Delay in inflows into Telangana dams now a big worry

There has been a significant drop in inflows in lower Godavari from Pranahita, Indravati and Sabari.

Hyderabad: Hyderabad: With the IMD predicting good rains this monsoon, how much time will it take for the depleted dams in Telangan and AP to fill, if the rains come on time in the first week of June?

Engineering officials say that inflows into Jurala and Srisailam can be expected only in August due to the upstream states Karnataka and Maharashtra also facing water crises.

“We get almost 85 per cent of inflows in Krishna from Karnataka and almost 95 per cent of inflows to Sriramsagar project on Godavari from Maharashtra. Even if it is a normal monsoon, the upstream states will try to fill their dams first and only then allow inflows to reach us,” said Telangana engineering-in-chief C. Muralidhar.

Only heavy rainfall can save us, say Telangana officials

With the IMD predicting good rains this monsoon, engineering officials say that inflows into Jurala and Srisailam can be expected only in August due to the upstream states Karnataka and Maharashtra also facing water crises.

There is no significant independent catchment for Pulichintala, Nagarjunasagar, Jurala and Srisailam to contribute good inflows. They have to depend on the releases and inflows in the Krishna River in Karnataka.

“If there’s heavy rain locally in Mahbubnagar and Kurnool districts, like it happened on October 2 and 3 in 2009 — in the order of 25 cm — we need not worry. But if we get normal rains, the run-off water will not be sufficient to fill up our dams,” said TS engineering-in-chief C. Muralidhar.

It is much worse in north Telangana, which entirely depends on Manjeera and upper Godavari inflows. The Sriramsagar project, the lifeline of north Telangana region, received only 2.16 tmc ft inflow in the whole of 2015, apparently the lowest since the dam was constructed in 1963.

Similar is the case of Singur and Nizamsagar constructed across Manjeera. “Normally, Tungabhadra gets good inflows in July as the catchments of Tunga and Bhadra are in areas that get heavy rains than Narayanpur, Almatti and Ujjain dams which are in rain shadow areas, so are hoping for some quantum of inflows from Tungabhadra into Srisailam in July, at least 10 tmc ft. But the crucial month would be August,” an official said.

The Tungabhadra Dam, too, is facing a severe crisis and Monday’s reservoir level was below 3 tmc ft, against a full capacity of 100 tmc ft. This means only surplus water will be released to the canals under it.

“We are praying to the rain gods for more showers this year; after bifurcation, AP now has three upstream states on the river Krishna, we expect inflows for the AP projects only in the last week of August. We have to somehow compensate the Krishna Delta needs with Godavari through Pattiseema,” said AP Irrigation principal secretary B. Adityanath Das.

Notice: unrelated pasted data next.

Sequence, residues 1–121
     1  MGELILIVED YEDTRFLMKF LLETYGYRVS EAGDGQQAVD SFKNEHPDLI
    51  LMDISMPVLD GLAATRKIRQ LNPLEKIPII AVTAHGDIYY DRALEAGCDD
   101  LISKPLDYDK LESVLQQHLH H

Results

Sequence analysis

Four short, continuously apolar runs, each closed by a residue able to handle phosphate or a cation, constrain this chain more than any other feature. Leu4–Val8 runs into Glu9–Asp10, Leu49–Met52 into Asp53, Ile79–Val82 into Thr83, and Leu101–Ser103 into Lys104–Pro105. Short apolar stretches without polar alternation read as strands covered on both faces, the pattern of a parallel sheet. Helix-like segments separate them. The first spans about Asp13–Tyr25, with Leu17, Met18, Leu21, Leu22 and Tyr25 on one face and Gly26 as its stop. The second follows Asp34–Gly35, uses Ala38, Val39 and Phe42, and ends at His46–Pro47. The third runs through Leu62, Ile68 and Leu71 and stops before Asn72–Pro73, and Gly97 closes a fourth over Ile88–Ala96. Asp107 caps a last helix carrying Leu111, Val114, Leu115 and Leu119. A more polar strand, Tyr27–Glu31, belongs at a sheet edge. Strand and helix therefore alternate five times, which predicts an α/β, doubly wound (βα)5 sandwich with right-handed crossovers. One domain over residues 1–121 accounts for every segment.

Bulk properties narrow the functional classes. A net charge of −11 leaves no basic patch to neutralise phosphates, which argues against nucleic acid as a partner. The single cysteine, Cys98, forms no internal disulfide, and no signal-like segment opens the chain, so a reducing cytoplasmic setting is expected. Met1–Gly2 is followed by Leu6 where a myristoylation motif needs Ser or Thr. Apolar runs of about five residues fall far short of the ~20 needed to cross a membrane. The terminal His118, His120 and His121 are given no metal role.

The Central Water Commission, the agency that authoritatively monitors and measures the inflows of both Krishna and Godavari rivers, has estimated Krishna inflows in the Telugu states in the 2015 Water Year as the lowest ever.

The five measurement stations on River Krishna, its tributaries Tungabhadra and Bhima, have shown the lowest inflows since 1973, from when CWC started collecting data. The CWC station at Mantralayam across Tungabhadra River in AP received only 55 tmc ft of water against the average 213 tmc ft. Bawapuram station on Tungabhadra in TS received 39 tmc ft from the average of 184 tmc ft.

Huvinhedgi station on main Krishna River in Karnataka showed only 37 tmc ft against an average of 547 tmc ft. Yadgir Station on Bhima River in Karnataka indicated only 14 tmc ft of inflows from the average 289 tmc ft. The worst is the Wadenapally station on River Krishna near the Pulichintala Dam, which recorded 19 tmc ft against a normal of 791 tmc ft.

“The 2002 and 2003 water years are so far the worst in Krishna River’s history, however in 2015, except for the inflows recorded at Mantralayam and Bawapuram, the other three stations, Huvinhedgi, Yadgir and Wadenapally, recorded very low inflows, making it the lowest ever,” said a CWC official.

On the Godavari front, the upper Godavari station, Yelli in Nanded district, showed nil inflows in 2015, reflecting the Sriram Sagar project’s plight. Tekra station located to measure Pranahita tributary of Godavari in Maharashtra recorded 705 tmc ft against 1,290 tmc ft.

Pathagudem station in Chhattisgarh on Indravati River received 682 tmc ft against average 870 tmc ft. Polavaram station on Godavari got 1,900 tmc ft against an average of 3098 tmc ft, the official said.

( Source : Deccan Chronicle. )
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